WESTWORLD: SEASON 3
Rebooting a show is always hard, and it’s twice that when you’re talking about a hugely successful one like WESTWORLD. Returning after a 21-month hiatus, WESTWORLD sheds most of its past in one sweep, dropping both the park and a majority of the cast in the process. But running from your past is harder than it seems, and the show struggles with letting go for much of the first half of the newest season. With the first four episodes screened for critics, here’s part one of our review on WESTWORLD – SEASON 3.
When we last saw her, Dolores’ uprising took shape in a violent and bloody coup. Most major players were killed or transported to a digital heaven somewhere on a remote satellite. Those left standing faced an uncertain future in a hostile world, now the last of their kind. For those looking for answers, you’re out of luck; season three plays things just as close to the chest as before. If anything, the first half is as convoluted as ever, planting more questions than it answers.
Having escaped Westworld, Dolores is now a rogue operative planning her total overthrowing of humanity in the real world. Hilariously unstoppable, she spends most of the first half moving pawns around on the board with little explanation. There are monologues about how humanity needs to make way for The Real Gods, but it’s all esoteric at best. As if the show is afraid that revealing even a morsel of the plan would cause viewers to lose interest.
Joining her this time around is Caleb (Aaron Paul), taking over from James Marsden as the well intentioned love interest. A down-on-his-luck veteran trampled by The System, Caleb finds a cause to fight for in Dolores, and that’s about it. Paul does a lot with very little, and he’s an easy protagonist to like. But as with Teddy in previous seasons, he plays second fiddle to Dolores’ potential big bad. Having gone from victim to freedom fighter, Dolores is living long enough to see herself turn into a villain. (Two others are introduced, but they’re so thin their presence is imperceptible.) At the halfway point the endgame remains unclear, as Dolores ultimately gets very little to do with her newfound power.
Season three follows no less than five concurrent plot lines, each with their own sub-stories and contrivances. Most of them are spoilers to even talk about, but suffice to say it gets to be a bit too much. The pacing is both hectic and slow; information dumps one minute and characters spending entire episodes shaving the next. There is spectacle, and it’s visually impressive, but none of the purity of vision from earlier seasons is there anymore.
One of the great joys in WESTWORLD was learning the rules of the new worlds, and how our characters dealt with them. A brief visit to Shogun World was a highlight, as was an unexpected episode dealing entirely with Native American lore. It’s telling that this time around all the best parts of the season deal exclusively with the park itself. The real world, by comparison, feels bland and uninteresting.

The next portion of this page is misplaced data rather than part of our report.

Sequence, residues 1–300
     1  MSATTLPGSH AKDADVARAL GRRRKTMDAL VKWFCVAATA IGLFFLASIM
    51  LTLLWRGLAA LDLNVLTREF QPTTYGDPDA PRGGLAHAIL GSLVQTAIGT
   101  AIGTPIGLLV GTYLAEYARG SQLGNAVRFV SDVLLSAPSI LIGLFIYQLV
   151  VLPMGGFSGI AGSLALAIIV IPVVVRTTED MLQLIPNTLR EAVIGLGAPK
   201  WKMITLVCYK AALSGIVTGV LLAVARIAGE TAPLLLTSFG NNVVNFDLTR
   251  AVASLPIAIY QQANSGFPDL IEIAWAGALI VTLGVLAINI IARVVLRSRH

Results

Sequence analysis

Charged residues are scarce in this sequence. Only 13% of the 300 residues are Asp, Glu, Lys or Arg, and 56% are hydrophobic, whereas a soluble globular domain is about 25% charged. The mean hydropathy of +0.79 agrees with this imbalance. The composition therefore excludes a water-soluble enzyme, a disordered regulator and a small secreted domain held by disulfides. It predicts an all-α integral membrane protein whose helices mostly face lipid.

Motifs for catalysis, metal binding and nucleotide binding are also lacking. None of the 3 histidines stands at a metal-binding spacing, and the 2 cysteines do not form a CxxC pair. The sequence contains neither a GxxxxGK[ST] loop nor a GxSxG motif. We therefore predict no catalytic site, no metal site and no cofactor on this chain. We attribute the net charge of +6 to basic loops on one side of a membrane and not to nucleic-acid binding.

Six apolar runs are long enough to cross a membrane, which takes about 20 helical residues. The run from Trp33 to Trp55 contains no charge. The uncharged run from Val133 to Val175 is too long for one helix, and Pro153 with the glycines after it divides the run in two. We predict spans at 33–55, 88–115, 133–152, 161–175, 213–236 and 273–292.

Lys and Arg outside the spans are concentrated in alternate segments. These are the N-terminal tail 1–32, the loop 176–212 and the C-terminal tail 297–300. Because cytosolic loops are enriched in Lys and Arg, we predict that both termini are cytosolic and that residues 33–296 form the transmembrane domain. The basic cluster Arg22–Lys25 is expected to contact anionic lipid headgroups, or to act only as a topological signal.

But season two wrote the series into a corner, and it feels like this rebooted season knows this. Fan favorites make appearances whether it makes sense or not, and early episodes mine goodwill by leaning heavily on series staples. It made sense for saloons in the park to play folksy covers of pop-songs, since the satire came from the ludonarrative dissonance. Immersion itself was in doubt. But now, in the real world, the same covers played by orchestras feel twee and gimmicky.
An argument can be made that this is the point; the real world is exactly as fabricated for everyone but the rich as Westworld itself. It’s a shame the message itself is lost in the hokum. Dolores snarling about class warfare feels far removed from the self-liberation of previous seasons. In fact most of the early season abandons the established themes, and there’s an odd parallel drawn between sex work, slavery, and modern economy that doesn’t sit right at all. (“Remember, you belong to me.” Dolores hisses to a black woman in one of the biggest clunkers.) An all-knowing entity of data with the ability to path an entire lifetime based on algorithms is a genuinely terrifying and interesting idea. But it’s so underdeveloped it feels like leftovers of a discarded storyline.
The things that WESTWORLD always did well are still here. The acting is fine across the board, Thandie Newton especially delivering another stellar turn as Maeve. Visually it’s a feast, and every penny spent by HBO is up on display. The music by Ramin Djawadi doesn’t get as many chances to shine, but the theme still chills every time it plays. Even with complaints WESTWORLD remains one of the few shows that swings wildly for the fences. The ideas are big and bold, and those that work, soar. Small things like an app for criminal gig-work or a SIRI-like assistant built in your ear are fascinating, and make the world that much more believable. There big questions about self-awareness are sci-fi staples, equally compelling now as two years ago.
But it feels like that by bringing itself back online WESTWORLD has slowed down in unexpected ways. Season two felt like natural closure, a wild triumphant ending to a story that could have easily gone on longer. Starting over, the show is learning to walk again, but doing so with the confidence of a long distance runner. So when it stumbles, it doesn’t pause to think where it went wrong, it just keeps going. It’s a fitting metaphor for Dolores, rushing ahead with blinders on, uncaring of the carnage she leaves in her wake.
And while the show still has enough goodwill that the initial buildup is tolerable, the second half will ultimately decide whether or not coming back was a good thing. Here’s hoping it will surprise us.